Bebe Buell. So you know her as Liv Tyler’s mom, a force to be reckoned with as a rocker starting in the 70s after a career as a Ford Model and a Playboy cover star. She dated a lot of rock stars, some for long periods, but she’s also an author, a muse, and tribute to the expression Living Well is the Best Revenge.
In the old days with Todd Rundgren, the statuesque blonde used to hang out with Andy Warhol, Lou Reed, and other cool downtown denizens at Max’s Kansas City, on lower Park Avenue near 18th St. Last night, Buell hosted an intimate book signing (“Rebel Soul,” a hillarious and insightful read), cocktails, and a charming performance around the corner from the long gone Max’s at the National Arts Club.
The National Arts Club? The stodgy private domain founded in 1898? Yes, indeed! They love her. I asked her, Did you even know about the National Arts Club when you were hanging out at Max’s 50 years ago?
Bebe shot me a look. “Of course, honey. We all knew about it. It was very important!” They were young actors, models, and musicians but they knew what the Old World meant.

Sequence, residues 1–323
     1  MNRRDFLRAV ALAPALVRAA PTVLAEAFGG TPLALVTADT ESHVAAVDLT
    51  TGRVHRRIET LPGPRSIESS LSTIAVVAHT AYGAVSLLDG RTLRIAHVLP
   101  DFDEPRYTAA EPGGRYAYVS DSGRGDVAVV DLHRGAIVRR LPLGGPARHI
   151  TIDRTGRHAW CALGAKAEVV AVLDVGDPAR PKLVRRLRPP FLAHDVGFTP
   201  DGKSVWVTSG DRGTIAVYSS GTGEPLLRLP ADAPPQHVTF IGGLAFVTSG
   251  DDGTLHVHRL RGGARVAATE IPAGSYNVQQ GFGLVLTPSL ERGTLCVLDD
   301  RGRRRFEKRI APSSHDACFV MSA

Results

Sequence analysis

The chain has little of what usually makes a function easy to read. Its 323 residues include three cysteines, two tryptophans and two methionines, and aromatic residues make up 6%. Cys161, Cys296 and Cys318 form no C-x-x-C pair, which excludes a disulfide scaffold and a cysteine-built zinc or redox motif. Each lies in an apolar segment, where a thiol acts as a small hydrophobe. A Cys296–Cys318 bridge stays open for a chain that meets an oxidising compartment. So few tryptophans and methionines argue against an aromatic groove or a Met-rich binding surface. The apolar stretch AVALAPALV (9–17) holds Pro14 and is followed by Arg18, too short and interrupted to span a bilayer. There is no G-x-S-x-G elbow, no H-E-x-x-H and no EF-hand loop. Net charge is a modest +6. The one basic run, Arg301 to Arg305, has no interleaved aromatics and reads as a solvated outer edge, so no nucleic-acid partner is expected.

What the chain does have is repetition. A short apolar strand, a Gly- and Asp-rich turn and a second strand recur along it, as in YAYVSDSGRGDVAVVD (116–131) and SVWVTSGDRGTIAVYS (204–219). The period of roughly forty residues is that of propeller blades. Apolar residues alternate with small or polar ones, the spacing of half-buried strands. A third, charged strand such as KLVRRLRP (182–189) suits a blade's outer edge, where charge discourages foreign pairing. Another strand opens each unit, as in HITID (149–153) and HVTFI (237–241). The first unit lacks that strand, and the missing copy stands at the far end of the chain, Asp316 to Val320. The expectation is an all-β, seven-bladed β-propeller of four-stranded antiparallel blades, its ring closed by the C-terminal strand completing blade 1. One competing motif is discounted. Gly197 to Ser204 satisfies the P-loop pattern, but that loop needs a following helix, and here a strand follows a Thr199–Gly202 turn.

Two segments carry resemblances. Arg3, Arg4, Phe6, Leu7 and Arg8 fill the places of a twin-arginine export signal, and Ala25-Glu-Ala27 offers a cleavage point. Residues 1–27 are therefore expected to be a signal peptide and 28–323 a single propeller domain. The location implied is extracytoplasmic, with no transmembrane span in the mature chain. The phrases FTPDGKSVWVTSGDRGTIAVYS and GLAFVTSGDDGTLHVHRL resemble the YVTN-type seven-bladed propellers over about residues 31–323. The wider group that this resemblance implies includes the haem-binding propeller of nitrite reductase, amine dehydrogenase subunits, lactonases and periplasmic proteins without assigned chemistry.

Guests at last night’s show included really famed photographers Bob Gruen and David Croland, director and E Streeter Maureen van Zandt, Factory girl Penny Arcade, rock and art world legend Liz Derringer, St. Martin’s Press’s Elizabeth Beier, famed Columbia Records exec Dick Wingate, rocker and writer Richard Barone, Beverly Keel (dean of Middle Tennessee State University’s College of Media and Entertainment, and about three dozen other admirers.
Bebe’s mini-concert was a stripped down affair that worked surprising well considering usually she’s played Joe’s Pub or the old club Don Hill’s with a more substantial band. Dressed in a chic new wave semi-Goth fringed black top and long dress, the eternally youthful Bebe was joined on stage by her husband of 23 years, gifted guitarist Jim Wallerstein, and Nashville musician Gyasi. Kind of like a tryout for Cafe Carlyle, mixed this acoustic, unplugged set with stories from her book about her colorful life, her history in pop and punk rock, and so on. She has a naturally engaging and disarming sense of humor, and a hearty laugh to go along with a smokey voice that reminds of Marianne Faithfull.
Her songs included originals that juxtapose a punk stance with witty lyrics backed up the musicians’ intensely melodic guitars. All things Bebe Buell are eclectic, which is why she’s more interesting than ever.